Both Simeon and Anna were very old.  Like some of us, for whom church is a second family, they practically lived in that famous Temple.  Anna had her spot inside the court of the women, while Simeon was the man to see when you had a first-born son and his mother.  

The Second Temple was a very grand place.  It stood atop Mount Zion, which had been lowered, and the sides built up with gigantic stones. You can see them today. Up on top there was room for eleven football fields.  Mary, Joseph, and their forty-day old baby would have climb up one of the stairways leading to one of the gates. The first thing they would have seen was part of the great porticoes that surrounded the plaza. The lines of columns stretched into the distance, supporting a heavy peaked roof. The porticoes were like cloisters or colonnades, open from the sides. The holy family might have passed through one and at least glanced at the treasures King Herod’s armies had taken in foreign battles, and when they emerged from the shaded portico, they were in the huge plaza itself. 

If they still had some temple coins from their last visit, they wouldn’t have to visit a money changer. Just 32 days ago they had brought their newborn for naming and circumcision.  They found someone selling birds from cages and bought two. They were much too poor to buy a lamb, which was the preferred offering. I imagine Joseph carried the birds and Mary had the baby. They walked on.  To enter the courts of the actual Temple, you had to be Jewish. The vast marketplace they were crossing was called the court of the Gentiles. I’m not sure how security worked, but Jews entered through massive doors set into a wall as tall as this church, and came into another open area, the court of women.  

If Joseph was going to offer a sacrifice of his own, or say prayers, or attend a Bible study, he would have crossed this courtyard, climbed a grand, wide staircase, and entered the court of men.  Only then could he see the whole Temple building itself, and not being a priest, he could not enter. If God could be said to “dwell” anywhere in particular, as in the days of old when God dwelled on Mt. Sinai or in the portable Tent of the wandering Hebrews, surely God lived here.  Or God listened best to prayers made here.  

But Joseph was, as usual, not the focus of our story.  Mary was, and her baby. This amazing complex of buildings would be the stage for many of his greatest moments, and from their perch in a tall fortification conspicuously overlooking the place, Romans would keep an eye on Jesus, and finally decide they’d had enough of him.

Old Simeon was apparently the priest in charge of presentations and purifications that day. Jesus became a Jew and received his name on the eighth day, but on this fortieth day, he was to be officially presented as the firstborn son of Mary and Joseph. The law dictated that firstborn sons be set apart, as they would have special responsibilities to their families for the rest of their lives.  Mothers and sometimes fathers also needed ritual purification after the harrowing event of bringing a child into the world. They weren’t “dirty,” but they had been bloodied, and Judaism treats blood with great reverence. Ever since the blood of the dying Abel cried out from the ground telling God that Cain had gone ahead and done what God warned him not to do, the blood of our frail species has had a supernatural power.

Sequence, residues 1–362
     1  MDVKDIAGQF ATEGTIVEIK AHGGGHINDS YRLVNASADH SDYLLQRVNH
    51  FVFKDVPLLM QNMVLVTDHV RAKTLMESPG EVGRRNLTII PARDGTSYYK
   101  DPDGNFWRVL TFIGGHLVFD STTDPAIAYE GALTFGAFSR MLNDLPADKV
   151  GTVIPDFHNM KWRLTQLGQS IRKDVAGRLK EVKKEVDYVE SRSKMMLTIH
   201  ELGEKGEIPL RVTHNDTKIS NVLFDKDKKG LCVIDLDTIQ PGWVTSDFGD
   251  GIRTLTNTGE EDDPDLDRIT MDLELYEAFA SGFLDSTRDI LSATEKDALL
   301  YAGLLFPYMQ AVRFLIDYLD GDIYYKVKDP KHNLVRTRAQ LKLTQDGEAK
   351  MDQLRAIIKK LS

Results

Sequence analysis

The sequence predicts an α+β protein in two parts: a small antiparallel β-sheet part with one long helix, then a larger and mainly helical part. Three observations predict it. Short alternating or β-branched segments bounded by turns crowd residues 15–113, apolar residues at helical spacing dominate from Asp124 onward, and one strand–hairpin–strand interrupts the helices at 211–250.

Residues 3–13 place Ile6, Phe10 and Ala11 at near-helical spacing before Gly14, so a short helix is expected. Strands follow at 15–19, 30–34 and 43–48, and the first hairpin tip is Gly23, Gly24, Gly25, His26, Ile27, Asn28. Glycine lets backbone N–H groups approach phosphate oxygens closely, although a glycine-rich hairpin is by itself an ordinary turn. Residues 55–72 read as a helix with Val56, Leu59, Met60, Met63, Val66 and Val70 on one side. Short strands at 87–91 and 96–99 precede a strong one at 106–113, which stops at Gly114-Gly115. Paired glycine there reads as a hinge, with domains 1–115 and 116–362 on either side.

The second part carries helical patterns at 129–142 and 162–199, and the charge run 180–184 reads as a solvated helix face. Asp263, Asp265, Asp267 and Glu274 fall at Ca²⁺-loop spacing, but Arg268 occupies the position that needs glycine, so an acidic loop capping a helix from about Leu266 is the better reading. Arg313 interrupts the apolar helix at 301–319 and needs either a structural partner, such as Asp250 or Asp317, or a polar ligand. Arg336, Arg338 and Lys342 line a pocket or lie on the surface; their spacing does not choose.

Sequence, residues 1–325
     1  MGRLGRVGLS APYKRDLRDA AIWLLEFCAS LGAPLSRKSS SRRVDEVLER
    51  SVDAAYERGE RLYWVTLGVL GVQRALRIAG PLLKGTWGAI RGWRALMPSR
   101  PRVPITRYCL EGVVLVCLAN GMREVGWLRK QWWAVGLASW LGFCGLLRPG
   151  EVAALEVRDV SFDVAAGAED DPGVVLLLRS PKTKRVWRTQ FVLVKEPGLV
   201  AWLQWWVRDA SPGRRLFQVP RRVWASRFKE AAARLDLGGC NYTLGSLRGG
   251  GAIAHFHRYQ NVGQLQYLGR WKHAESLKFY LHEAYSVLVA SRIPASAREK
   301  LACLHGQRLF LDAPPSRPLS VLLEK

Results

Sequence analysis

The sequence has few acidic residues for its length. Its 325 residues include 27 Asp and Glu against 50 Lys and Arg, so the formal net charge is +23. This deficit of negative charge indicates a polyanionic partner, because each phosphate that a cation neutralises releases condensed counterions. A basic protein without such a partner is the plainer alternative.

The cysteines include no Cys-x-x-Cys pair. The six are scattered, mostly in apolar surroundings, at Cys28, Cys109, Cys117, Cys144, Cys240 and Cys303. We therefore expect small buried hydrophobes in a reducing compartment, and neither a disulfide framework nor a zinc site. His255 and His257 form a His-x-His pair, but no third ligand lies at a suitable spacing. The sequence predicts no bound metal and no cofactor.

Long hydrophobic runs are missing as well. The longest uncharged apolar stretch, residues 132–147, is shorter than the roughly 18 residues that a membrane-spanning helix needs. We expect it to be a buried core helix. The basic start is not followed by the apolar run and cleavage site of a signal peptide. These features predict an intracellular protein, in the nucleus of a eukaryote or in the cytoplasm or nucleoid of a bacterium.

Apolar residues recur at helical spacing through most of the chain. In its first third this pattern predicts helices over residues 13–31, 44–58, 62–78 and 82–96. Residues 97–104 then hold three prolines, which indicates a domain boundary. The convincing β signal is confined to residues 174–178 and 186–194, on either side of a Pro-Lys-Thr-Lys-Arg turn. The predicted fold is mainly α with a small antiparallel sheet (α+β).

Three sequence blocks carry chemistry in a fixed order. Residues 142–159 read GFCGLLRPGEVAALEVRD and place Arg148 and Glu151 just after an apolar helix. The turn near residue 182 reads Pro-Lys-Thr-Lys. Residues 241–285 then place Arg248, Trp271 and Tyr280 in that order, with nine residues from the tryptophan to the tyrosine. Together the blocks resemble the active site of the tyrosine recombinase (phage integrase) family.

Maybe the holy family was standing in line, waiting their turn, or maybe Simeon picked them out as they came into the court of women. The story says he was directed by the Holy Spirit, and I picture his eyes widening.  Without explanation, he took their baby into his arms. Perhaps he closed his eyes, letting them rest from their decades of searching. Now, Adonai, let me die in peace. These old eyes have seen what you promised: the one who will enlighten all those gentiles out there and our whole people.   And then he remembered his job. He blessed the parents, ritually bringing them back from impurity and restoring them to full communion with God and the Law of Moses.  

It is rare that a prophet gets to see his or her visions come true. The Holy Spirit had told Simeon he would not die until he saw the promised one. And now he had. The parents were amazed.  And now, an additional vision came to him, and he told Mary and Joseph what it was: this child will cause the rise and fall of many, and their private thoughts will be revealed.  And he will be rejected. And a sword will pierce your heart. Yes, Mary, all generations will call you blessed, but that blessing will burden you!  Luke does not tell us what happened to their amazement when they heard this second prophecy. Forty nights ago, the shepherds told her about what the angels had said, and she pondered their glorious words in her head.  Now she had heavy words to ponder as well.

They had no time to ask the old priest what he meant, however, because Anna drew close to them. Everyone knew Anna. She basically lived in the Temple, and was as saintly as any male priest. She fixed her eyes on the baby for a time and then seconded Simeon’s words. We must be thankful to God, because this one is our redeemer. Jerusalem, behold the one who will save us. Our rescuer.